Govt, MZWT on Collision Course

GOVERNMENT is on a collision course with the Matabeleland Zambezi Water Trust (MZWT) over its plans to nationalise the project aimed at ending perennial water woes in the region.

Water Development and Management minister Samuel Sipepa Nkomo announced last week the proposed takeover of the project from the MZWT saying it had now been accorded the political will it lacked over the years.

But Dumiso Dabengwa, chairperson of the MZWT, said the move to take over the “people’s initiative is not acceptable”.

“We are surprised by Sipepa Nkomo’s latest move to take over the Zambezi Water Project. He never discussed with us before taking the decision to nationalise the project,” Dabengwa told the Zimbabwe Independent in Bulawayo this week.

He said they “are waiting for an explanation from minister Nkomo on the whole saga before considering what to say or do” adding that “stakeholders are naturally angry that such a demoralising decision and announcement about their project could be made without their input, let alone their knowledge”.

Dabengwa said it was clear from the outset of the project that “government would facilitate the process but a complete takeover of a people’s initiative, regional initiative — no — it’s not acceptable”.

The former Home Affairs minister said it seemed Nkomo was “operating against the grain by seeking to nationalise regional projects at a time when everyone else has seen the need for devolution”.

Last week, Constitutional and Parliamentary Affairs minister Eric Matinenga urged Zimbabweans to talk openly about the devolution of power to provinces saying there were “no sacred cows” in the constitution-making process.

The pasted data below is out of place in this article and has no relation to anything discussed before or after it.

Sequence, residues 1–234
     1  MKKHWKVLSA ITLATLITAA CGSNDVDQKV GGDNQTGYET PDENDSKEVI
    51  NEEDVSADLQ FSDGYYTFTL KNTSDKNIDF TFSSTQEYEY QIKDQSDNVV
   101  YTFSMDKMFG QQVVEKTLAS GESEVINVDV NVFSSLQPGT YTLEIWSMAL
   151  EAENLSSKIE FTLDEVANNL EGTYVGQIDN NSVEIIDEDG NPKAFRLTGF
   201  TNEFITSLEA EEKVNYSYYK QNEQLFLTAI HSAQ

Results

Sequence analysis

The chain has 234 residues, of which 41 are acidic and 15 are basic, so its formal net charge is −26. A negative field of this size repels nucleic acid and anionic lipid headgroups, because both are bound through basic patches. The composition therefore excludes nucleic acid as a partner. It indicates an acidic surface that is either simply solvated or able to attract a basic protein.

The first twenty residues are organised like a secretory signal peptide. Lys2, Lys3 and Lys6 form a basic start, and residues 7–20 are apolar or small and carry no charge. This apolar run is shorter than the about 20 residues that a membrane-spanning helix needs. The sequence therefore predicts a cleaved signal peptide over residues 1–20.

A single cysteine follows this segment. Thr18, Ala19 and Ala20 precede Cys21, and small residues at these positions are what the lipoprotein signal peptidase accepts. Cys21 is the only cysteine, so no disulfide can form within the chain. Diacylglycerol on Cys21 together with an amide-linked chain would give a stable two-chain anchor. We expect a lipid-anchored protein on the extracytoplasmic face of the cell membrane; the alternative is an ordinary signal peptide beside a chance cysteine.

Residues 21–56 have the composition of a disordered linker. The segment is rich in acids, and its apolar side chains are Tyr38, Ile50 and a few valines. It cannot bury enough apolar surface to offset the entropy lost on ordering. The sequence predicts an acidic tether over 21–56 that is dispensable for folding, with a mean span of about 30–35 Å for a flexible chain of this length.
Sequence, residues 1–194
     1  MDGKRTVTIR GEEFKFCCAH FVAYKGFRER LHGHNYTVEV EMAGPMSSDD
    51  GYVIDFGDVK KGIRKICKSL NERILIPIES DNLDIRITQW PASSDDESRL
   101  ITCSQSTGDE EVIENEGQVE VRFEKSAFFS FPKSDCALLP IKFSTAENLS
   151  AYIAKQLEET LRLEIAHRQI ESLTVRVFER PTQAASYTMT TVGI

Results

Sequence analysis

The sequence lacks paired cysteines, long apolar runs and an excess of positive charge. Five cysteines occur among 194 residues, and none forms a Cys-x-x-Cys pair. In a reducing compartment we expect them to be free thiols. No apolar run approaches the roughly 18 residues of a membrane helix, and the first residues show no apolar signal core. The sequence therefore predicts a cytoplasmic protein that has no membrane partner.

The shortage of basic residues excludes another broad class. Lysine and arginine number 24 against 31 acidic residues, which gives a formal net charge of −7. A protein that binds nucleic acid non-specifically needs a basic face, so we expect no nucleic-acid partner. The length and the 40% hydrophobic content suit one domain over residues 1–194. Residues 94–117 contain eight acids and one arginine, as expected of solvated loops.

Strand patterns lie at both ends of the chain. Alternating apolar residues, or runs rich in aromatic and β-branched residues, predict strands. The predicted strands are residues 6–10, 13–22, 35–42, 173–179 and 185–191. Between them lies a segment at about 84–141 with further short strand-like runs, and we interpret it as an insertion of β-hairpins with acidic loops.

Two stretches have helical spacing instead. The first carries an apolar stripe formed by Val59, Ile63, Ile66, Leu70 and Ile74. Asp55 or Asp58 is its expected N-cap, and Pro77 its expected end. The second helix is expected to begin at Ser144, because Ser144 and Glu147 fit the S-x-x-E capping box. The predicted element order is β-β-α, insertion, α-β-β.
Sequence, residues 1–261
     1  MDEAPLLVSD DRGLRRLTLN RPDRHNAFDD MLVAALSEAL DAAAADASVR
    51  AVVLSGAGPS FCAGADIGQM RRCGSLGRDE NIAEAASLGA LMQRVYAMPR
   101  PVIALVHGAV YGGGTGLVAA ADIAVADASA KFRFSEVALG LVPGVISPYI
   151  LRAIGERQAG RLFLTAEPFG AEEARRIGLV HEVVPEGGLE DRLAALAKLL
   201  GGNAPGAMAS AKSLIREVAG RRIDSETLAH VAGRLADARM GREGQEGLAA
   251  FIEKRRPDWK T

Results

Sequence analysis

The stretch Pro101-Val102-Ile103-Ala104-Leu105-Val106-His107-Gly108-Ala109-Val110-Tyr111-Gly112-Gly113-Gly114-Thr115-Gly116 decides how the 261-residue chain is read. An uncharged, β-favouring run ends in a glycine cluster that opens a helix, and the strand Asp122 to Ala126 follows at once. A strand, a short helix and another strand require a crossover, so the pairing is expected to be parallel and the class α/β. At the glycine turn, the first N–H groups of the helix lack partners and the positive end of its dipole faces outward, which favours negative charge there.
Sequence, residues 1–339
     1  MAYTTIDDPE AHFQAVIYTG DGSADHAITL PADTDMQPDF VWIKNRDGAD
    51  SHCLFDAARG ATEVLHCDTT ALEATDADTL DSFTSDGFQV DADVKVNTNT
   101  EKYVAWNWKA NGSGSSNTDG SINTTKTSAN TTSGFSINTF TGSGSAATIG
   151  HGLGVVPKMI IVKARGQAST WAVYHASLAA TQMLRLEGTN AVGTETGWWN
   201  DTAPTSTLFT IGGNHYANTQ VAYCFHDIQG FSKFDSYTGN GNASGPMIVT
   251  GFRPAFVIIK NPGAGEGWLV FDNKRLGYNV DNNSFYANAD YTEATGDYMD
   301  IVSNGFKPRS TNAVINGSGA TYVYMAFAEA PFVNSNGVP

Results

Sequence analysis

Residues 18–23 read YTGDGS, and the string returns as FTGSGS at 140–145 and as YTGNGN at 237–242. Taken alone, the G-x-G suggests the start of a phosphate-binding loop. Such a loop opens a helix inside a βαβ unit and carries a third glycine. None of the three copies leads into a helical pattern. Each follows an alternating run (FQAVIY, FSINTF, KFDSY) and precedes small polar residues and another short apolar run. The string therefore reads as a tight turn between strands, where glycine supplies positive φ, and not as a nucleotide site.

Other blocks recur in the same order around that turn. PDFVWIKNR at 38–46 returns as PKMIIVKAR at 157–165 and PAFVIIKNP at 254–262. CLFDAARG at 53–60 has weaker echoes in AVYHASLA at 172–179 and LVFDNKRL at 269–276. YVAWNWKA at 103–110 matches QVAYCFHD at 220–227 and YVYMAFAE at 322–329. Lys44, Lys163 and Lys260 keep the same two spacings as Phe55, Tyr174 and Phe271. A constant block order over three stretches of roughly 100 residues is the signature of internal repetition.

The ambitious project seeking to end perennial water shortages in Matabeleland by drawing water from the Zambezi River was first mooted in 1912.

Unreliable water supply, especially in Bulawayo, has forced many companies or potential investors to relocate to Harare and other provinces.

Dabengwa, the interim leader of the revived PF Zapu, said the MZWT was hoping that the fragile inclusive government which “has new players who claim to appreciate the cause of Matabeleland better would encourage continuity in efforts to find a permanent solution to the perennial water problems in the region, but Nkomo announcement has taken us aback”.

He said Nkomo and his ministry were yet to inform his trust of their decision.

“MZWT hopes this level of disrespect and disregard for others displayed by minister Nkomo stops. We are waiting for an explanation from Nkomo on the whole saga before considering what to say or do,” Dabengwa said. “We can only speculate as to the motive of the so-called nationalisation of the project. We hope this has nothing to do with political rivalry… and people of Matabeleland need not suffer any longer due to their political affiliation.”

Nkomo said lack of clear funding procedures had resulted in the delay in implementation of the project, which is one of the reasons government wanted to take over.

Although government had no money to commence the project, Nkomo said discussions were on with private players willing to join central government in implementing the scheme.

However, Dabengwa said international investors whom MZWT had been working with have been unsettled by government’s move.

“Potential investors whom we have been working with are now sceptical about the nationalisation issue. But as MZWT we are assuring them that the project would not be nationalised,” he said.

He said government failed to provide mandatory guarantees for loans “causing all our plans to fail”.

“The trust also applied for coal mining concessions mainly around the Gwayi-Shangani Dam site in Lubimbi and Lusulu areas. We have partners keen on coal mining who are willing to fund the completion of the dam whilst mining coal,” Dabengwa said.

He said once they get concessions, investors “would immediately fund the completion of the dam as they also would need water for coal beneficiation”.

 

Nqobile Bhebhe

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